Justice says 28 people test positive in outbreak at Greenbrier County church

Gov. Jim Justice said more than two dozen cases of coronavirus have been identified among the congregants of a single Greenbrier County church.

That is one of several outbreaks at West Virginia churches described by Justice and state health officials.

“This could be your community tomorrow. This could be your church tomorrow. This could be your family tomorrow,” Justice said, urging state residents to use personal caution.

“It can happen anywhere. At any time. This disease is right here with us.”

The church, Graystone Baptist in Lewisburg, posted on social media that it had followed precautions: “We adhered to the state and local governments concerning the reconvening of our church.”

Partway through today, Justice said, 28 people at Graystone Baptist had tested positive for covid-19.

Graystone Baptist has closed for 14 days environmental cleaning with support from the National Guard, and the local health department is providing guidance on prevention measures. There were two additional coronavirus testing events added for Greenbrier County today and Sunday.

Graystone Baptist is one of several churches in West Virginia identified by state officials with a coronavirus outbreak in recent days.

Although the Department of Health and Human Resources did not want to single out the churches by name, a news release from the agency said there were cases in Boone, Hampshire, Jefferson, and Marshall counties.

Cathy Slemp

State Health Officer Cathy Slemp described 53 individuals identified with coronaviruses who attended services at the churches., although she noted those people have had other contacts in their communities too.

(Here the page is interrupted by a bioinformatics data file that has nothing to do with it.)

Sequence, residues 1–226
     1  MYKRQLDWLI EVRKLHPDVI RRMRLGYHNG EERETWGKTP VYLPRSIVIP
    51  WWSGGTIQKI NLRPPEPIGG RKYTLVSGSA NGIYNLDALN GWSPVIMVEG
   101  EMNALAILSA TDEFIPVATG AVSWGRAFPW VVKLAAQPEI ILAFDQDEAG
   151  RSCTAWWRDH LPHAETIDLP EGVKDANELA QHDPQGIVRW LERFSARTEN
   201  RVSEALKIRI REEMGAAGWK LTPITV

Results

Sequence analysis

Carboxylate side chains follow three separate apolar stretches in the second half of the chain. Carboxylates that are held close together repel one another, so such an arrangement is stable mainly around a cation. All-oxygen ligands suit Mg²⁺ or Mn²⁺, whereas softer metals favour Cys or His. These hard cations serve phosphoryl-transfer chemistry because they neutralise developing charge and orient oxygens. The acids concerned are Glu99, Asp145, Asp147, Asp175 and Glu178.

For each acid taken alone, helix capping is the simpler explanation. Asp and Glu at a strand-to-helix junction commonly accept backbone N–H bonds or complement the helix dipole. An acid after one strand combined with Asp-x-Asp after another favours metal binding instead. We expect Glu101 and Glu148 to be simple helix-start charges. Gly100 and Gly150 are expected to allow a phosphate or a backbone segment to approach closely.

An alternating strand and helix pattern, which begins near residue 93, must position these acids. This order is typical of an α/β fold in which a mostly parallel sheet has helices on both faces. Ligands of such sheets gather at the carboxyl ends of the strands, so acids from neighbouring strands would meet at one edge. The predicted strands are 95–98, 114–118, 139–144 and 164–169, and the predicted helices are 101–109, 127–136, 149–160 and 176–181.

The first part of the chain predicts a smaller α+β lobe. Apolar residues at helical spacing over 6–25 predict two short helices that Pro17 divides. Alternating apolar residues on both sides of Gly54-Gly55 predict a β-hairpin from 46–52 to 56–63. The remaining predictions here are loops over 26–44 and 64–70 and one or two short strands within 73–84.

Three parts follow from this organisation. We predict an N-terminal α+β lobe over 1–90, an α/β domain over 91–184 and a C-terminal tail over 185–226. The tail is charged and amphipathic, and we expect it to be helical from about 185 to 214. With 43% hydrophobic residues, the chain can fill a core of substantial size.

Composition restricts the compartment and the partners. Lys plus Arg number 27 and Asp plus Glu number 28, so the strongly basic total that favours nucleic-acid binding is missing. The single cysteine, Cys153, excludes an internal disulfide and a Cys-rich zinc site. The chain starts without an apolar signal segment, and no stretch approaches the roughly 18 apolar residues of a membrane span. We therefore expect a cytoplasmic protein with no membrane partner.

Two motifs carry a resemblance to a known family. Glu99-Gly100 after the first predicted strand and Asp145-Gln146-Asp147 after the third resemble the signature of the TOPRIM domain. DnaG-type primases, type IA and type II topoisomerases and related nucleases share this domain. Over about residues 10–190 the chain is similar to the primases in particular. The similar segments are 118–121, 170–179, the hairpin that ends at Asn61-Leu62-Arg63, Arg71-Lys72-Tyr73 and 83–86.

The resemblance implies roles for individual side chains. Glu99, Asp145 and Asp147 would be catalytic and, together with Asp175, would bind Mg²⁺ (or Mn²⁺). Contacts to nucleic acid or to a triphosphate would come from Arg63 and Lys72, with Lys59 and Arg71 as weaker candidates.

Slemp said West Virginia’s most recent outbreaks have been community-based, rather than at enclosed communities such as nursing homes or prisons.

“We keep getting this question of is it safe to do this or safe to do that? It really isn’t about safe or not safe. It’s about managing risk,” Slemp said.

She warned people to be careful of out-of-state travel but said prevention measures, on the whole, work.

“If you do have to go out, wear a mask,” Slemp said. It’s about using our heads, having a little bit of discipline.”

Clay Marsh

Coronavirus response coordinator Clay Marsh said churches, like other gathering places, carry risk.

“As we think about gathering places, whether they’re churches or stores or restaurants, we know the more we’re inside the more chance of transferring the virus,” Marsh said.

Churches initially were listed among essential services when Governor Justice issued a broad stay-at-home order, but they were advised to halt in-person services and, instead, provide services through broadcast or internet.

When the stay-at-home order began to be eased, the Justice administration issued guidelines for places of worship with recommendations for additional services to be added, restricting seating to every other row, ensuring all those who attend wear a mask and encouraging all worshippers above age 65 to stay home and watch services online.

The governor urged people to remain vigilant.

“What happens if we lose a couple people, maybe more, in a community and we could have done more?” he said.

“And yet if we lose somebody because of an inconvenience of wearing a mask or whatever it may be — if we lose somebody? It’s a big price to pay.”





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